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on 17 February 2016
I came to live in this area and this was one of the first books I bought the I arrived. Dark, gripping and a hauntingly evocative indication of what life must have been like here 100 years ago. I thoroughly enjoyed it but it would still be enjoyable as a tale for anyone who has never been anywhere near here. The film is a pretty decent adaptation.
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on 9 June 2017
His best book imo.
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on 9 May 2017
I became totally immersed in this book. Vivid descriptions of the countryside. Joy and sadness. I felt such a connection to the landscape in an area I love.
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on 2 May 2017
Good book - already passed it on to someone else. Recommended
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on 13 March 2010
Bruce Chatwin, the writer of this novel, is mainly known for his travel books. Exotic places and reflections on travelling were his specialty. Yet "On the Black Hill" is possibly his best book, though set entirely in as unexotic a locale as possible, the borderlands between Wales and England. Chatwin's evocation of the peculiar atmosphere of a small, backwards farming community in Wales and the odd characters it produces is at once more lively and more tragic than any travel book could be.

The book revolves around a more or less chronological biography of twin brothers in a farmstead in Wales, written in sequential flashbacks. There is something of Xavier de Maistre in this: at the beginning of the novel, the twins are portrayed at the end of their life, living together in their isolated farm with a number of odd and antique items around them. These items then frame the telling of the tale of their life and of the people they encountered in it, so that in the telling each item becomes familiar and takes up its place in the sentimental narrative of the twins' experiences. In this manner, some of the attachment they have for their own place and their few possessions is projected onto the reader, which creates very skilfully a sense of identification with what are otherwise two very obviously highly weird people in a rather backwards and uninviting rural village.

Chatwin's book is remarkable because it is very compelling, a page-turner almost, while almost nothing of significance happens in it. But because the brothers grow up so stunted by their upbringing and environment, and because of the total social and mental helplessness of all people in the community, many events that would normally be considered minor and of little impact in our lives become enormous incursions into the farm life. This gives them a meaning and a tragic nature one would not normally assign them. At no point does the book even leave the direct surroundings of the Welsh borderlands, and yet it is more intriguing than many a story of Patagonia. An accomplishment.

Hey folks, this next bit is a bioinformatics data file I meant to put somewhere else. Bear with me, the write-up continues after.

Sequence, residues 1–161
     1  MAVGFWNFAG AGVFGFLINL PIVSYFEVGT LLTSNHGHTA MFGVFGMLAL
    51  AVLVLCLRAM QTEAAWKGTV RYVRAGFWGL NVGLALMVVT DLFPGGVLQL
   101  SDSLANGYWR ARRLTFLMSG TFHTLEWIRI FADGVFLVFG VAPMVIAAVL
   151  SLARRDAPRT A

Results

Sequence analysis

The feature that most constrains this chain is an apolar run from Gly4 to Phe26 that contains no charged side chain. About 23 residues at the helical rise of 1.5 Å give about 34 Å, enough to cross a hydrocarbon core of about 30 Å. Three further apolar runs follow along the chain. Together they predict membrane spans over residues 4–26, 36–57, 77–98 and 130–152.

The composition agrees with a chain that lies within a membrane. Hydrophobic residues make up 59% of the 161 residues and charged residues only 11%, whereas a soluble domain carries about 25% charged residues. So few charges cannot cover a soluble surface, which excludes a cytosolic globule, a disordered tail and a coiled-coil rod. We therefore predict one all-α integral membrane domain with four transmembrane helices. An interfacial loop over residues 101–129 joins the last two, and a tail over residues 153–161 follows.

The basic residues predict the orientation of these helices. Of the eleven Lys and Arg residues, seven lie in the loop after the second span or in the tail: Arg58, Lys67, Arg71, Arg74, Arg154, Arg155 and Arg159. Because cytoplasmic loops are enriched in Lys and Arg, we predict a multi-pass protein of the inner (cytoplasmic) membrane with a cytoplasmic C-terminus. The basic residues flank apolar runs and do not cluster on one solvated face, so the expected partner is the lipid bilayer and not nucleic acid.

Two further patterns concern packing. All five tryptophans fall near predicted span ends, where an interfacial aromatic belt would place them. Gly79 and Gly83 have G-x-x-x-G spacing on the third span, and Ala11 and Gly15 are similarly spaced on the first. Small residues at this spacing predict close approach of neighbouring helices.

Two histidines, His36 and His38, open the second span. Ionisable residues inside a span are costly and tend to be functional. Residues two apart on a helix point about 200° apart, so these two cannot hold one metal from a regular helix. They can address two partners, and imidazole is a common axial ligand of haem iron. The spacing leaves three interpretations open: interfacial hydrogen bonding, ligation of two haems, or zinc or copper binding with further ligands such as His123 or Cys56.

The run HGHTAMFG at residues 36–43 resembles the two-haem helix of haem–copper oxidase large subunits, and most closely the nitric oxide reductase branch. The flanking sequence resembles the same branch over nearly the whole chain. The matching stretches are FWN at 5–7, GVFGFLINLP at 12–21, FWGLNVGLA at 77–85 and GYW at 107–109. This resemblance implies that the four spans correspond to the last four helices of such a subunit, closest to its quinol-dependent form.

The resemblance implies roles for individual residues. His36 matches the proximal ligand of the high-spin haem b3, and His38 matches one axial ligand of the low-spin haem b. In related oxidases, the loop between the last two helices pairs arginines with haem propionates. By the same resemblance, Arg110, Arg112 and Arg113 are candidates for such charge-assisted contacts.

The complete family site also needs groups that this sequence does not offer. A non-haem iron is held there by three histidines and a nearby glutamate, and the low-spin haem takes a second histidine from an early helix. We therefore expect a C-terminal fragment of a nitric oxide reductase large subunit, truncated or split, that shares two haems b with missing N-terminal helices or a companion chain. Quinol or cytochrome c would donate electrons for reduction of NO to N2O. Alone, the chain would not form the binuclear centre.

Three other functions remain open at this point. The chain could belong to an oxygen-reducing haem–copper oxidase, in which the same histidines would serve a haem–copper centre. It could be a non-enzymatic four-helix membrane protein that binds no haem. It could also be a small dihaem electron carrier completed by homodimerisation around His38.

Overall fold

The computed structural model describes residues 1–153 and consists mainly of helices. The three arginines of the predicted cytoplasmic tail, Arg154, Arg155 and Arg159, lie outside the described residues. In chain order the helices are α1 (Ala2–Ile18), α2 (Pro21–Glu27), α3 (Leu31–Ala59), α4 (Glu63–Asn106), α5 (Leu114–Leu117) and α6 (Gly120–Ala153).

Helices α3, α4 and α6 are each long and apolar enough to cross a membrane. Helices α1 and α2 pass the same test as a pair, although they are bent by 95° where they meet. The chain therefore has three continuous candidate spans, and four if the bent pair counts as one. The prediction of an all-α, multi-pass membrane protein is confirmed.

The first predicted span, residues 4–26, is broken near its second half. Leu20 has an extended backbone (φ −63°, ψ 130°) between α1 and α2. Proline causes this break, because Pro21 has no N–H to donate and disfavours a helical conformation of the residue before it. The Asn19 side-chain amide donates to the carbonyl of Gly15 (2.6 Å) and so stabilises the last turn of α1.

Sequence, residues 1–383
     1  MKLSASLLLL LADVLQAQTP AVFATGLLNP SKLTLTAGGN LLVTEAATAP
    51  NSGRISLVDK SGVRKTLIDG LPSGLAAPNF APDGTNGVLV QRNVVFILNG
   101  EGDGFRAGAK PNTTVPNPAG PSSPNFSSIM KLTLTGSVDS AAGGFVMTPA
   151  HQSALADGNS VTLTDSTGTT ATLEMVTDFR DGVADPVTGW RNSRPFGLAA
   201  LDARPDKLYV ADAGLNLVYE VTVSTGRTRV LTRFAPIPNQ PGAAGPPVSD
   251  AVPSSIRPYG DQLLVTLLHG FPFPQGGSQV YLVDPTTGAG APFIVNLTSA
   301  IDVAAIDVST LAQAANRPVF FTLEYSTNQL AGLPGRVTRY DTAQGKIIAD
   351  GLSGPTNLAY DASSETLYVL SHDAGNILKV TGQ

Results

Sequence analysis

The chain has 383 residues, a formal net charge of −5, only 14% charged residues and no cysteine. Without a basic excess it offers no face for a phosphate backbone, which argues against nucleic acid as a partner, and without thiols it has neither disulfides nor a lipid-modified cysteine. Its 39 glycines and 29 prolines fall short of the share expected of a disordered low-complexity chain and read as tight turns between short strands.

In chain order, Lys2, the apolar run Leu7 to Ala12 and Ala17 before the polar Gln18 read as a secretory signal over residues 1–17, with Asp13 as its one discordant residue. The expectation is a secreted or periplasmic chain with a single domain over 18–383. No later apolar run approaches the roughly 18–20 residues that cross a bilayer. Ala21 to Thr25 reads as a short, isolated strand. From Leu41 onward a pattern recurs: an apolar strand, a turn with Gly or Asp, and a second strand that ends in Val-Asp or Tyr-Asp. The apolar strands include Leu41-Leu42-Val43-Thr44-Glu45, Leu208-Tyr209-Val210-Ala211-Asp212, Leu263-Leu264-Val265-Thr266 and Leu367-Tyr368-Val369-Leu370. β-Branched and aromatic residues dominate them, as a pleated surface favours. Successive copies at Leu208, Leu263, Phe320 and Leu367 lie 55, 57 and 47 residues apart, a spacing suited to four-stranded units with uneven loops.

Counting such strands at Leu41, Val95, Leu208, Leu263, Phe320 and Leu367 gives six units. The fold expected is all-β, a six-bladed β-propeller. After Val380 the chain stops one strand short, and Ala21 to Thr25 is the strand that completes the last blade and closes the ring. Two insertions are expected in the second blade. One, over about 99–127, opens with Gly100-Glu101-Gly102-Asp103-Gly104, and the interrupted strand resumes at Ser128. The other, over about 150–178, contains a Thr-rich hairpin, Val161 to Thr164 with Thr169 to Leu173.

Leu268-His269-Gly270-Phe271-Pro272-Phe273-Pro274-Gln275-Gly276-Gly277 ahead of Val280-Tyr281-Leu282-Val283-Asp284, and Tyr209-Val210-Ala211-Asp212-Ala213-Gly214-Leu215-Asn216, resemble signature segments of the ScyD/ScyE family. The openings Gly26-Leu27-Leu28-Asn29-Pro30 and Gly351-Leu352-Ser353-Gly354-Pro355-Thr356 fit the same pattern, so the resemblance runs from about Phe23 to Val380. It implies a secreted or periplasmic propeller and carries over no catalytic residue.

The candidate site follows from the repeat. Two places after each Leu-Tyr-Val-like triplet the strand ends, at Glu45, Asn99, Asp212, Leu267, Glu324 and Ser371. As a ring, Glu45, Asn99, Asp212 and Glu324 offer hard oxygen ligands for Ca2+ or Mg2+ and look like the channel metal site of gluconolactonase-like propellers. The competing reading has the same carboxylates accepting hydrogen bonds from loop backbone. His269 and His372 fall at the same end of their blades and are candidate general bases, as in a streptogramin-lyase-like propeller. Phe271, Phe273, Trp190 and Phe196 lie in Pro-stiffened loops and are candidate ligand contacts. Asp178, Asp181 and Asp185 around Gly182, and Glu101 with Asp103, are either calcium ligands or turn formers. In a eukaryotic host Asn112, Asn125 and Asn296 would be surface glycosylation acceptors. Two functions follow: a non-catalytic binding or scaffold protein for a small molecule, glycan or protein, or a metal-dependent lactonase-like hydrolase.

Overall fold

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on 15 January 2011
I think this book is truly beautiful. Descriptive poetry of almost mindboggling quality.
I lend it with evangical zeal, and sometimes it is returned, when it isn't I can console myself with the thought that it will be treasured; it is always enjoyed.

I can almost understand why two "critics" found it depressing, because its tale of two "hen lanc", in Welsh literally "old youths" which usually means batchelors beyond marrying age, tells of frustrated love and worship of a long dead mother. But it is wrong to regard such lives as somehow failed, and the sureity with which one brother wealds the axe and the other keeps house is also a prayer in homage to the human spirit.

I do have one Welsh friend who could not read it, its depiction of two men so beautifully and accurately reminiscent of two long dead uncles it broke her heart. What should that mean in terms of star rating?

Bruce Chatwin was inspired by two brothers, not from Wales, but from the Welsh cultured area of Patagonia, written of in the poetic, if romanticised, travelogue "in Patagonia". Two men whose self reliance and stoicism, in their poor, tiny, Welsh dressered estancia, helped them lead a life of quiet, dignified displacement, speaking yr hen iath in a new world.

But the sheer beauty of the writing gives pleasure on every page and the final episode of the remaining brother, half of one, after the death of his twin, taking to the air as a birthday treat, though bathed in sadness, is truly, truly uplifting.

Beauty doesn't always mean happy, this book is beautiful, you may finish it with a tear of understanding but also a smile of enjoyment and appreciation, is that a definition of a true masterpiece?
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This wonderful little book shows us what a great talent Bruce Chatwin was. The world of literature is so much the poorer for his tragic early death. His only other work I have read is "In Patagonia", an enthralling account of his travels in that area. "On the Black Hill" is a very different work showing his great versatility and his great knowledge of country lives.